No. No. And No. It was my friends from the house next to us. These adorable enchanting creatures who are my new neighbors made me a May Basket and hung it on my door. Didn't find out until today when they came over after soccer to confess. They came in to go out and pay a call on The Chow Nation and have cookies and after a point, told me they had to run really, really, really FAST to get out of sight so quick. It took me back a million years to when I tried and tried to figure out how to get violets to stay nice for my grandma's basket. To rolling that pretty paper in a cone and gluing lace around the top edge. To tucking in a paper doily to cradle the flowers. To dropping the lemon drops in , one by one. I could remember it as if it were last week and our kitchen at 10th and Penn and the thick lawns of the neighborhood and the bright colors of Foster Avenue on May Day all came swirling back to me in a second. How I loved those May Baskets and Coeur d'Alene, Idaho in spring.

That's grace and joy and so as Igantius says, God is all around us. Today I saw His face in my friends who are so kind and treat me and the world with such sweetness and generosity. Amazing, amazing grace.

The 'Kan EWA

Friday, May 02, 2008

We always have a dairy course when we entertain at Bellemaison; because...we do. In one of my many other lives, surely I was the proprietor of a large small diary farm, like the old Finucane farm in Hayden Lake. I had a huge vegetable garden, grew every flower that was cut and vased in my house and had vats and vats of sour cream, cream cheese, eggs and butter, in big walk-in coolers, on the back porch of the house and in another one in the barn. I had a nation of those fabulous black and white cows; silent eaters, connoisseurs of fine grasses. That was my life where I'd was up very, very,very early and had plenty of time to watch the morning light unfold over the pasture and watched the stars appear, one by one, in the navy blue summer sky. I remember it so well!

And so that's why you'll find plenty of diary in our menus here. We disdain preservatives and chemicals but embrace fat and sugar. Hey. It's our kitchen.

The Palace Cheesecake

Junior League of Memphis Heart and Soul

People lose all control over this recipe. I say that matter of factly, with respect and with gratitude. Those of you who have been to Bellemaison probably wondered what I was thinking when you were giggling and scratching yourself all over after a bite of The Palace Cheesecake. I was thinking this: who's yer daddy?
6 stone-ground wheat crackers, crushed

1 egg

dash salt

10 sun-dried tomatoes, packed in oil, drained

1 cup prepared pesto

3/4 cup sour cream

1 t all purpose flour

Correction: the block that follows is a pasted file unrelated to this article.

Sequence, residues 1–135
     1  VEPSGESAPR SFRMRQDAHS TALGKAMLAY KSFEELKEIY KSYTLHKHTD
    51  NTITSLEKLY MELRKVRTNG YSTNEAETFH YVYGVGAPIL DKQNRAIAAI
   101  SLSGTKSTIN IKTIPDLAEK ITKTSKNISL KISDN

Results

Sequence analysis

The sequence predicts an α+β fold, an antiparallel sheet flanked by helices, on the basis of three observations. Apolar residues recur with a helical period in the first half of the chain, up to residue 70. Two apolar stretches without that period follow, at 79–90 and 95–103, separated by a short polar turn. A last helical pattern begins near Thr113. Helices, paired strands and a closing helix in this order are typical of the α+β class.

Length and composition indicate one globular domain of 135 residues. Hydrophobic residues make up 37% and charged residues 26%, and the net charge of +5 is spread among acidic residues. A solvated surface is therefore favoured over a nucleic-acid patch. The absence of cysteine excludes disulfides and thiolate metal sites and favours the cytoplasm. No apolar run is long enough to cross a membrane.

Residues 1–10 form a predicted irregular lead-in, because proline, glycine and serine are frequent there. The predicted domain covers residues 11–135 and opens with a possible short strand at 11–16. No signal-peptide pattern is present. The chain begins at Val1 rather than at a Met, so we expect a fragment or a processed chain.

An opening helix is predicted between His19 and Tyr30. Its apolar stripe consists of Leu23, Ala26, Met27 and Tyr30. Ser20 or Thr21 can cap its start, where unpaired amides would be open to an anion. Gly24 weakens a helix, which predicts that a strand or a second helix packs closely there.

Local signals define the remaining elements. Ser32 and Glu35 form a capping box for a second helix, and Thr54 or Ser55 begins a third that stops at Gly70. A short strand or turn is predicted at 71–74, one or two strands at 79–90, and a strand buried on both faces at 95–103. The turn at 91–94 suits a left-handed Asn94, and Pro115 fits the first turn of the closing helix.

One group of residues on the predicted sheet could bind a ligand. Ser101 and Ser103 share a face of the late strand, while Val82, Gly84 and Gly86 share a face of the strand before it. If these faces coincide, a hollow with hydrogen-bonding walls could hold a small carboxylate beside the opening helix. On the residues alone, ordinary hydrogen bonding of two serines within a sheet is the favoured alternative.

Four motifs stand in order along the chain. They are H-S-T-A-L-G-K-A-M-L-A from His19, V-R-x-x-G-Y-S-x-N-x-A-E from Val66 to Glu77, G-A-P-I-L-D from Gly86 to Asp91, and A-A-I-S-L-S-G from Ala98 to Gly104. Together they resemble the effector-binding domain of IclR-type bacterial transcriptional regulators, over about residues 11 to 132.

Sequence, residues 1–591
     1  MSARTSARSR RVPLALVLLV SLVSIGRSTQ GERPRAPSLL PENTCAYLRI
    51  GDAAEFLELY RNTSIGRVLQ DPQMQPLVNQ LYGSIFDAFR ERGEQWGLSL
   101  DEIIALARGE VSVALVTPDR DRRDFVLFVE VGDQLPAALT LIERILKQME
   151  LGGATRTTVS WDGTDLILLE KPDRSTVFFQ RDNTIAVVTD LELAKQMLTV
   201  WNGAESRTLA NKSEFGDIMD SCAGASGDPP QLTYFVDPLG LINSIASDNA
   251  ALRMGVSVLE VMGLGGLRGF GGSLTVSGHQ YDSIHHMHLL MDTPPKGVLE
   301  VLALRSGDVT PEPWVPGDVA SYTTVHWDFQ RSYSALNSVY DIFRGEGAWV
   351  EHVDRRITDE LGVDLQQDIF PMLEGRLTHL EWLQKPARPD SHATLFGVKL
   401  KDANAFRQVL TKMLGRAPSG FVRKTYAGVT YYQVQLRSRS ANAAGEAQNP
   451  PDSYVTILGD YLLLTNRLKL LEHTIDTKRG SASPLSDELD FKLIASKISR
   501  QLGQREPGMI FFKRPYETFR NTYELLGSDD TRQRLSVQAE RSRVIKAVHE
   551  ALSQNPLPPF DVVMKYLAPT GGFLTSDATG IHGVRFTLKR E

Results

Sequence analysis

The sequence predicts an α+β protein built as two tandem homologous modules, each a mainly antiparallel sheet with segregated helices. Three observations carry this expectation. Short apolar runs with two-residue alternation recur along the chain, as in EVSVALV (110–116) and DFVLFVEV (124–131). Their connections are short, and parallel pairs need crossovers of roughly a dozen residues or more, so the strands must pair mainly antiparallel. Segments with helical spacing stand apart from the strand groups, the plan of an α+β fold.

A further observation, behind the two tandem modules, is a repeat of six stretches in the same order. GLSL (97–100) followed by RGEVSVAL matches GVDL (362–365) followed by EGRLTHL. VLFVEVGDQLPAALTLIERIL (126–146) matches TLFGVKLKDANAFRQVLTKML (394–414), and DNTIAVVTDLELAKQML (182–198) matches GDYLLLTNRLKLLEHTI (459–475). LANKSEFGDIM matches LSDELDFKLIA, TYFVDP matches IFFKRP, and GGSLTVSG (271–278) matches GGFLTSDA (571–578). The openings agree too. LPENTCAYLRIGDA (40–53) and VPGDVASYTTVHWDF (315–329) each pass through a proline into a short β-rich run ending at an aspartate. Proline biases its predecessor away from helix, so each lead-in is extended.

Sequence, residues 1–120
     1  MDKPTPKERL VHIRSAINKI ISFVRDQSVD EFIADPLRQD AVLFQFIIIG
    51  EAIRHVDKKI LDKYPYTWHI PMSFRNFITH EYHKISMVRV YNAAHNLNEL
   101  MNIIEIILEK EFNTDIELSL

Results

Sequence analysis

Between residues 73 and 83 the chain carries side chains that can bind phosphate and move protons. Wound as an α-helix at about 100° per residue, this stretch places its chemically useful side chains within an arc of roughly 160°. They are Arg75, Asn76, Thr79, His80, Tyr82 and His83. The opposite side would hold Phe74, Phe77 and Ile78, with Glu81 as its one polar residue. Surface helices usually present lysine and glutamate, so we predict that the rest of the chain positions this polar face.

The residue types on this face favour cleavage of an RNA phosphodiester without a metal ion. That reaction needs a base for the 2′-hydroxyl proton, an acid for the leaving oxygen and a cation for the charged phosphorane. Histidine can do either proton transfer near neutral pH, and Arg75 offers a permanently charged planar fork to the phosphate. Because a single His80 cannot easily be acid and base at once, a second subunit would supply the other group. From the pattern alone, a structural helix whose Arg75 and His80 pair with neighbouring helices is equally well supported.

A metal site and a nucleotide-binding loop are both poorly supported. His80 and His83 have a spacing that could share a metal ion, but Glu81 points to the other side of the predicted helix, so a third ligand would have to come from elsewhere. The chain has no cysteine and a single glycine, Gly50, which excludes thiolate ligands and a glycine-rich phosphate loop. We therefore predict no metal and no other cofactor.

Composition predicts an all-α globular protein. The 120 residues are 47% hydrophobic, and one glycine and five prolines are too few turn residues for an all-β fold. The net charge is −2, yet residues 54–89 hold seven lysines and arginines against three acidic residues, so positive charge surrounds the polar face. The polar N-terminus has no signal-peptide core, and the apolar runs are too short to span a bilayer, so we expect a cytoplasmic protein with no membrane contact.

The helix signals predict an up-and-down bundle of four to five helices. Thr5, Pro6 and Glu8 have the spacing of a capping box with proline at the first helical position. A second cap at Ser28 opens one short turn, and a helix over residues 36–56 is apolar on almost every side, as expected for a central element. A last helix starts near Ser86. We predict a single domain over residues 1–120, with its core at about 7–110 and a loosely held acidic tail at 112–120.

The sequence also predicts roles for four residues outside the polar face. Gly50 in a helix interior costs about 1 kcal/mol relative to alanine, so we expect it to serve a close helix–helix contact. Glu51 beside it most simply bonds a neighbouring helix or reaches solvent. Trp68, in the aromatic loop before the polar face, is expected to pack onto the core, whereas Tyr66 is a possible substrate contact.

Preheat over to 325 degrees. Butter 7- inch springform pan. Sprinkle crushed crackers in bottom of pan. In a large bowl, beat cream cheese with an electric mixer until softened. Add egg and salt, beating on low speed until combined; set aside. In food processor bowl, process sun-dried tomatoes. Add pesto and process to mix.

Spread half of the cream cheese mixture into prepared pan, spreading evenly. Top with tomato mixture, spreading evenly to the edge. Spread remaining cheese mixture over tomato mixture. Bake about 35 minutes.

Stir together sour cream and flour; carefully spread over cheesecake. Bake 4 minutes more. Cool; cover and chill 4 to 24 hours. Remove side of pan. Serve on a bed of baby greens. Makes 24 servings.

Sour Cream Banana Bread

Junior League of Monroe Celebrations on The Bayou

We just wouldn't dream of making banana bread without sour cream here at Bellemaison. Just wouldn't do it. Joe Montana gets delirious over this banana bread. I say, Joe Montana, look: it's just banana bread. And then I say, and this is Bellemaison. But not in my out loud voice.
1 stick butter, softened

1 cup sugar

2 eggs beaten

1 1/2 cups all-purpose flour

1 t baking soda

1/2 t salt

1 cup mashed bananas (about 3 bananas)

1/2 cup sour cream

1 t vanilla extract

1/2 cup chopped pecans

Preheat over to 350 degrees. Grease and flour one 9-inch loaf pan or several smaller pans.

In a large bowl, cream the butter with the sugar until light and fluffy.

Add the eggs and mix well.

Whisk together the flour, baking soda, and salt; combine with the butter mixture.

Add the bananas, sour cream and vanilla, stir well.

Fold in the nuts.

Pour into the prepared pan and bake for 1 hour or until a wooden pick inserted near the center of the loaf comes out clean.

Cool in the plan for 10 minutes, then turn out onto a rack.

Cucumber Dill Salad Dressing


I have used this recipe in one form or another for many, many years. I have the original recipe card in my handwriting but I do not know where it came from. I throw change ups with the dairy to use it different ways. Sometimes, I use cream cheese and it becomes a dip. In the salad dressing form, I blanch asparagus and serve the asparagus over a finely chopped bed of lettuce with a few strips of sweet pepper on the plates, doused in this dressing. It's a little disruptive because people stand , clutch their napkins, throw back their heads and howl, right there at the table. Irritates me, but what are you going to do? They are my friends, so I allow it.
1/2 c grated unpeeled cucumber

1 T diced pimiento

1 t lemon juice

1/2 t dill weed

1 t grated onion

1/8 t pepper

4 drops tabasco

1/2 c sour cream

1/2 t salt

Drain cucumber thoroughly until dry as possible. Combine with all other ingredients. Chill for at least 30 minutes.

The 'Kan EWA